The Identification of Gifted Students with Learning Disabilities: Challenges, Controversies, and Promising Practices

Part of the Neuropsychology and Cognition book series (NPCO, volume 25)


What does a gifted student with learning disabilities look like? How can school psychologists and teachers recognize gifted students with learning disabilities? Consider the case of Ronald, a fourth grade boy with a 145 IQ. In kindergarten, before students are expected to read, Ronald was at the top of his class. Teachers raved about Ronald’s verbal skills and his clever responses in class. He was inquisitive and he loved books. He had memorized several of his favorite picture books, and could “read” them verbatim to the delight of his family and friends. In first grade, Ronald struggled with phonics, but had a fairly large sight-word vocabulary for a student his age. He was in the top reading group. By second grade, Ronald had slipped into the middle reading group, and he no longer seemed to enjoy books and reading. By fourth grade, Ronald was a very average-looking student. Ronald seemed to daydream in class. Teachers began to notice that Ronald had some difficulty reading textbooks in the content areas. Ronald’s mother reported that at home, Ronald was inquisitive and curious, that he enjoyed building models and playing with Legos. However, Ronald’s teachers only rarely saw such a spark in school. Occasionally, he would contribute something clever to the classroom discussion, but mostly he seemed disengaged.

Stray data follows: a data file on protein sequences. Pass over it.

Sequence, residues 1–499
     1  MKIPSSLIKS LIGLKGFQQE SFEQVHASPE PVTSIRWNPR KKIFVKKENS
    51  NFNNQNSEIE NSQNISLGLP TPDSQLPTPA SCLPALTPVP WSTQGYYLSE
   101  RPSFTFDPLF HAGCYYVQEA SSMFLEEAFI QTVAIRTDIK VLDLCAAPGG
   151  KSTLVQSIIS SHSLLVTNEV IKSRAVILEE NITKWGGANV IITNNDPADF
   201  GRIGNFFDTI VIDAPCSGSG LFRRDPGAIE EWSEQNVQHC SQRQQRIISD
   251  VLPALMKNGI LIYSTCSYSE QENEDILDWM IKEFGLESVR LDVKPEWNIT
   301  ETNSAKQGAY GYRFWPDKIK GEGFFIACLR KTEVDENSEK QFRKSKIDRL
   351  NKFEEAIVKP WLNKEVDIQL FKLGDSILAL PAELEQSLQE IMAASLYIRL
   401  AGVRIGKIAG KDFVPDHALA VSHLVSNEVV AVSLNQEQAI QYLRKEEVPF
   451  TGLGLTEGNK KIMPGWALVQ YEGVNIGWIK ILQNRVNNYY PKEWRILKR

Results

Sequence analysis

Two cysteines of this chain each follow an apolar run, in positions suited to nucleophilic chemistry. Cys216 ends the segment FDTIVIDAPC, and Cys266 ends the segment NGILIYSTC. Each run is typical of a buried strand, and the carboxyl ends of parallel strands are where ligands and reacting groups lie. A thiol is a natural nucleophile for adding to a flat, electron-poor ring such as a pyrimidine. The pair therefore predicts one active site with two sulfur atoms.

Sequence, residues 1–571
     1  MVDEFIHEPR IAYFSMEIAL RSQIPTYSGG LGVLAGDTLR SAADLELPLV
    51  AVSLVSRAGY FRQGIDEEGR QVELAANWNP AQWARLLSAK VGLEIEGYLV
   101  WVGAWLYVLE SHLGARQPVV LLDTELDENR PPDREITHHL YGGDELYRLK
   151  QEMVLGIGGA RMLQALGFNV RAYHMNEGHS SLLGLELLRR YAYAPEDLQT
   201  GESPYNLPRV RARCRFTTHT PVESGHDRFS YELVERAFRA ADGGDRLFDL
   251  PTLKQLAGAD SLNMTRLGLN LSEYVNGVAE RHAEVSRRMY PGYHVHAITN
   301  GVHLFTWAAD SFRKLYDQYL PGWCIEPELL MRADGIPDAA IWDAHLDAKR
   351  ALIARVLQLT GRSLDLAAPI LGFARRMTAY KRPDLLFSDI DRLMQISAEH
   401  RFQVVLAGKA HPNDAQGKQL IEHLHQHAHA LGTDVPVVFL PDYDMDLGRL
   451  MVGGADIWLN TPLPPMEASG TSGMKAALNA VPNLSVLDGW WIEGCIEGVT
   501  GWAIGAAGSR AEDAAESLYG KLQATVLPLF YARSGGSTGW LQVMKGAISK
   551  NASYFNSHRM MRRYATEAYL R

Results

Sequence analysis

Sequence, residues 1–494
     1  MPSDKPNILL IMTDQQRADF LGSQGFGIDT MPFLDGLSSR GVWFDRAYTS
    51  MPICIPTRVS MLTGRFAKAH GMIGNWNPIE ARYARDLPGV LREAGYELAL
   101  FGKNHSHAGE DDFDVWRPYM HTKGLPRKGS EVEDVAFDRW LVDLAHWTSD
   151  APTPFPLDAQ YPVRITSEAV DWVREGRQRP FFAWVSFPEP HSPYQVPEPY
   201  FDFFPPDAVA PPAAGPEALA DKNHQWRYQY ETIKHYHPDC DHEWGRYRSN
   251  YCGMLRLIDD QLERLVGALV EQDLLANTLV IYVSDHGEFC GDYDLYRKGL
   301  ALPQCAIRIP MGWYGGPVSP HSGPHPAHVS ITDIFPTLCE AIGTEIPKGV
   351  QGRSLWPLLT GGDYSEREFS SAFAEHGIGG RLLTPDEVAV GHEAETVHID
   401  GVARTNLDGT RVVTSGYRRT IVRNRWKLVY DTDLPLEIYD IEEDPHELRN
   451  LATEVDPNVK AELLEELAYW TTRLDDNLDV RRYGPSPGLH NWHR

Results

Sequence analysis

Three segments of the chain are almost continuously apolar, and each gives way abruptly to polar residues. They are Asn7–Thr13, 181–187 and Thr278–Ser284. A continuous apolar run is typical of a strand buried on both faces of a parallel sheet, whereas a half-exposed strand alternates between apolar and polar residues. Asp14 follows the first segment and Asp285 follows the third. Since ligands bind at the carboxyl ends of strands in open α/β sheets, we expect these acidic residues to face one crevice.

Academic Achievement Learning Disability Learn Disability Gifted Student Specific Learning Disability 
These keywords were added by machine and not by the authors. This process is experimental and the keywords may be updated as the learning algorithm improves.


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Copyright information

© Springer Science+Business Media New York 2004

Authors and Affiliations

  1. 1.University of ConnecticutUSA

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